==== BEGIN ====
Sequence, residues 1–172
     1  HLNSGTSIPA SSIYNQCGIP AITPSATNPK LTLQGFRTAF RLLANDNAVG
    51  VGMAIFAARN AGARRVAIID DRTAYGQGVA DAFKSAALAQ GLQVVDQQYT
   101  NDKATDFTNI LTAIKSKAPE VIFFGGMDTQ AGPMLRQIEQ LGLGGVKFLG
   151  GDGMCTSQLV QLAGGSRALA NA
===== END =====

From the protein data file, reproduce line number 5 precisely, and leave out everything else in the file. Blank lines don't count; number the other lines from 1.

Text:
   151  GDGMCTSQLV QLAGGSRALA NA